Many believe the President Momis is dancing to the PNG government's tune in his talks with the mine owners. But he candidly tells me he is battling with Port Moresby to get them to hand over his share of the royalties in any future deal. Now that the war has been won and Bougainville has gained control of its resources some ask why the PNG government is involved at all.

SAM KAUONA: In Bougainville we have won it. We have bought it with our blood. 20,000 people have shed their blood. In addition to that there are laws of Bougainville, starting with the peace agreement that gives mining powers and functions to Bougainville, not to Papua New Guinea.

But until its scheduled vote for independence in 2015, Bougainville remains part of PNG and with Prime Minister Michael Somare's health failing the man who could soon become the new leader has bad news for the mine owners.

BELDEN NAMAH: If we want to bury what has happened it will be good to look at a new company coming in, I believe. A totally new company will open up the entire negotiation again. The landowners must get the maximum out of the resource. We should be a country that should set an example to other countries that we avert a crisis. The problem was that the government then did not address the landowner problem. Unless we learn from Bougainville we are going to have more problems with this country.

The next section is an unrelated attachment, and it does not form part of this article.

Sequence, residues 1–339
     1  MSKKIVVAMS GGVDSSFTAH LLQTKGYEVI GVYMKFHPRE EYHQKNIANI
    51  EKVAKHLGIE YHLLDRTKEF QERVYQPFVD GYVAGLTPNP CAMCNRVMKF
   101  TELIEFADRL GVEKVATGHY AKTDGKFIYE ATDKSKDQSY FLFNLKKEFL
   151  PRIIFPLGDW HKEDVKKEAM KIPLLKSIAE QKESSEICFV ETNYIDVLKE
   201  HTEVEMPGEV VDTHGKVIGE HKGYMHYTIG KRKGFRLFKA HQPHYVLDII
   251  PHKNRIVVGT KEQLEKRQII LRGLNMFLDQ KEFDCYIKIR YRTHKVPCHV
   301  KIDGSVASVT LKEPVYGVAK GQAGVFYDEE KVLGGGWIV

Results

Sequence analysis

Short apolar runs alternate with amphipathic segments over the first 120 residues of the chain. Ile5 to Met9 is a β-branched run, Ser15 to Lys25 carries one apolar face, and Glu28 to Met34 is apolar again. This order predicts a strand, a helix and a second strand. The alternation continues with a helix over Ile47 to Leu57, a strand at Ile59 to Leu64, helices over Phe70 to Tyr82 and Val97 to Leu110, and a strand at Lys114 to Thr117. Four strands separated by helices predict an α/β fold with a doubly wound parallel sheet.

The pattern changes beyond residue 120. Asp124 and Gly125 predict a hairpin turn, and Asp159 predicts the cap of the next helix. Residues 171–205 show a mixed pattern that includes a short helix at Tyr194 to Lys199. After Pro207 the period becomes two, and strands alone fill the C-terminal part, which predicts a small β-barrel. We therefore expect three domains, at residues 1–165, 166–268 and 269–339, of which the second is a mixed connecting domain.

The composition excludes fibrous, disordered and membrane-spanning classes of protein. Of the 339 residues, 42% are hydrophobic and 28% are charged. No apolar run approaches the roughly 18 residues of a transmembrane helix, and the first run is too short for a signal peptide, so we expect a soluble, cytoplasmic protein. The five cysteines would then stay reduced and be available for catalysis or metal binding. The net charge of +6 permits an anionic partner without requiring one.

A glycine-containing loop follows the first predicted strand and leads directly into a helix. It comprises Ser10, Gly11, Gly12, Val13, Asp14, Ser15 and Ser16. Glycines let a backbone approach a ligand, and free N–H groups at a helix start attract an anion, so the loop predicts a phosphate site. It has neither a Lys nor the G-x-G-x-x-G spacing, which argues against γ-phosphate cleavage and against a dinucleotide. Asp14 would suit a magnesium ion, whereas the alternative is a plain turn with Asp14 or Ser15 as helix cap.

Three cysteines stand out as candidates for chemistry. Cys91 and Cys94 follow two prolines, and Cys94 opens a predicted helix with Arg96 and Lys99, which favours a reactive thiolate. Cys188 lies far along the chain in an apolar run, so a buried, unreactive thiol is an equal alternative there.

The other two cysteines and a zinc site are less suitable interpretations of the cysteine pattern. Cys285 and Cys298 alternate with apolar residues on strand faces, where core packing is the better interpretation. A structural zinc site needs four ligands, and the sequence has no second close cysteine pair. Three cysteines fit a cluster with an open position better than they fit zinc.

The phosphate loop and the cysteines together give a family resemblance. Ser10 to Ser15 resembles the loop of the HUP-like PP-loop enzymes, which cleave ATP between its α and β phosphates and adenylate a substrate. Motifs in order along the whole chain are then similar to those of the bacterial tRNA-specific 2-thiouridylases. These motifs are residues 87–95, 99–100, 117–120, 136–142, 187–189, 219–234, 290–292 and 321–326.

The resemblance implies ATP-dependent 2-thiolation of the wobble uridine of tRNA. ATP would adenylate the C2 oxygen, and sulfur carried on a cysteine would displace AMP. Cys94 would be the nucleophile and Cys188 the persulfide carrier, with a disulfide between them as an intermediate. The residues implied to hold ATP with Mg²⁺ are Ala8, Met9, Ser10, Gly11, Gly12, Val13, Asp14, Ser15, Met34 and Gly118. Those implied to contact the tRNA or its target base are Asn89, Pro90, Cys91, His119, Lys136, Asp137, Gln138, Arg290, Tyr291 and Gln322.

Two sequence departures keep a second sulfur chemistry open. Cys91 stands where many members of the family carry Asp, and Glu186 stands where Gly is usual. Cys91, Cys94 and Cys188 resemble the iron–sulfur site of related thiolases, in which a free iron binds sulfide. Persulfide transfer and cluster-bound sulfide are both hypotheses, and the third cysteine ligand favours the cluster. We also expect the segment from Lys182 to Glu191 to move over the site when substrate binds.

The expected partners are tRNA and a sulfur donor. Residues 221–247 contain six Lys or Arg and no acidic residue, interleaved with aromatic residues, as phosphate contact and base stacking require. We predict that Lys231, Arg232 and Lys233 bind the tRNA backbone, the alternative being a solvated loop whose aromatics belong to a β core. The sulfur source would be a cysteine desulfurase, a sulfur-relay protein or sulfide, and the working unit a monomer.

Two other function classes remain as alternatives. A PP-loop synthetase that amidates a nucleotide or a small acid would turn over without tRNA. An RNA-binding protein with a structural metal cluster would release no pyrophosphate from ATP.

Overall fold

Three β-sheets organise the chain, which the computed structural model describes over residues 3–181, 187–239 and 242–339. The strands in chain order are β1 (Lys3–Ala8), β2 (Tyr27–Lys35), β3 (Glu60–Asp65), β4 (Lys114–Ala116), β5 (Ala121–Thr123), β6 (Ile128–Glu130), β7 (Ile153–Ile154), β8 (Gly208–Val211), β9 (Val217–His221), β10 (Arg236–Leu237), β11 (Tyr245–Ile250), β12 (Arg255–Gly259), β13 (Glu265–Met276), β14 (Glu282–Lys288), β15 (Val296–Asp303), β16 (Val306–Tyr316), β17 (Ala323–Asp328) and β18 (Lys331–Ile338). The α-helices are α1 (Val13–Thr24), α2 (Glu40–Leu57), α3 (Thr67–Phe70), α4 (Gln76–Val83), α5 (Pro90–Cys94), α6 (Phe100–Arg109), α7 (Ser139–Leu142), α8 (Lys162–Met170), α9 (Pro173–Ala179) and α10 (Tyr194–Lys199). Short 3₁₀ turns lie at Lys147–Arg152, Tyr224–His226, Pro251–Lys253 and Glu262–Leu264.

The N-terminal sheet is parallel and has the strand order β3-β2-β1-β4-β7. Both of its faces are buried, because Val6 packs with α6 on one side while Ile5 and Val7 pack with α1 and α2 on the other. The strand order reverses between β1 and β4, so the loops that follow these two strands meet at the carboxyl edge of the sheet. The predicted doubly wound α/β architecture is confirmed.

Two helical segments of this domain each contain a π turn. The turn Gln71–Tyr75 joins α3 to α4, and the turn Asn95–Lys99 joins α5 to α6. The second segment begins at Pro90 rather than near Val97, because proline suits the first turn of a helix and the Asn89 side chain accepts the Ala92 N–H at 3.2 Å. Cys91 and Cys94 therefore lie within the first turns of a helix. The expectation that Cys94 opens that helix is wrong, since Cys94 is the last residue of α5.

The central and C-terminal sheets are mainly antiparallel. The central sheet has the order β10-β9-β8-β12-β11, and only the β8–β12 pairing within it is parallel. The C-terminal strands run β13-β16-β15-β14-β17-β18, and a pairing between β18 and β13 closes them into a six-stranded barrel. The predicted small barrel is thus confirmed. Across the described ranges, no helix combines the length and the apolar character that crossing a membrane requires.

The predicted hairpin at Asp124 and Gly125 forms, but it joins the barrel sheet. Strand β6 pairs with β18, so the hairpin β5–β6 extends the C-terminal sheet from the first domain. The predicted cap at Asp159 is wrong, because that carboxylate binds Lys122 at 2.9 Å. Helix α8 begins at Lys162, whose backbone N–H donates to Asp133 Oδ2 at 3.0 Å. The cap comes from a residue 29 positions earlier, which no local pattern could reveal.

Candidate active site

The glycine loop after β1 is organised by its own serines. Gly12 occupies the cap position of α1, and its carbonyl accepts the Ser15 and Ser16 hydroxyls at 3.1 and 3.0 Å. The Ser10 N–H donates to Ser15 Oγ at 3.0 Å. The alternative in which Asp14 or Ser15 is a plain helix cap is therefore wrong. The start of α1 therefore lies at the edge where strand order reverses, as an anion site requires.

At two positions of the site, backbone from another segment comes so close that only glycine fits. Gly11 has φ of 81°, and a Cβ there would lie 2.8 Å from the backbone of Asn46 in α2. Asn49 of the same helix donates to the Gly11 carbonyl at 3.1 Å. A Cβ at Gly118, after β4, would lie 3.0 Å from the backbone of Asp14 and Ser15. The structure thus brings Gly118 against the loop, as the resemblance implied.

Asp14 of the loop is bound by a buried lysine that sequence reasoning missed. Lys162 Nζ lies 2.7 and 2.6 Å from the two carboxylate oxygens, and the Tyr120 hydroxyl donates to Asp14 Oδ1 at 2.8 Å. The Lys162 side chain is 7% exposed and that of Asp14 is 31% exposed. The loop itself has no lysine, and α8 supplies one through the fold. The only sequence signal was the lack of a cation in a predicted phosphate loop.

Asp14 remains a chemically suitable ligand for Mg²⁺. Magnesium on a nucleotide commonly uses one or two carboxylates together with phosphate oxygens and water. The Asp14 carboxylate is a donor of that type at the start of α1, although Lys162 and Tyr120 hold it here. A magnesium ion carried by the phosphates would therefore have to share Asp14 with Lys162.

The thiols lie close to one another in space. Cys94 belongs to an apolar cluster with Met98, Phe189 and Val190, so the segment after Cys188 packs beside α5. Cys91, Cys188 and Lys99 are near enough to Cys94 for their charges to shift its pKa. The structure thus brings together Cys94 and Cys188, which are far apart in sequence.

PETER TAYLOR: I would like to see Bougainville have the future that it really deserves. They have the will to make Bougainville the Premier Provence - I really believe they will do it.

PHILIP MIRIORI: We can only come back on our terms and conditions, this is our time we have won the war and the prize is ours. They have to come on our terms and conditions.

YALDA HAKIM: Brian Thomson reporting. The beautiful camerawork from Warwick Ford. As Brian says, PNG is the land of the unexpected. There are more tales from his colourful trip in our behind-the-scenes video on our website.












Original Music composed by VICKI HANSEN

26th June 2011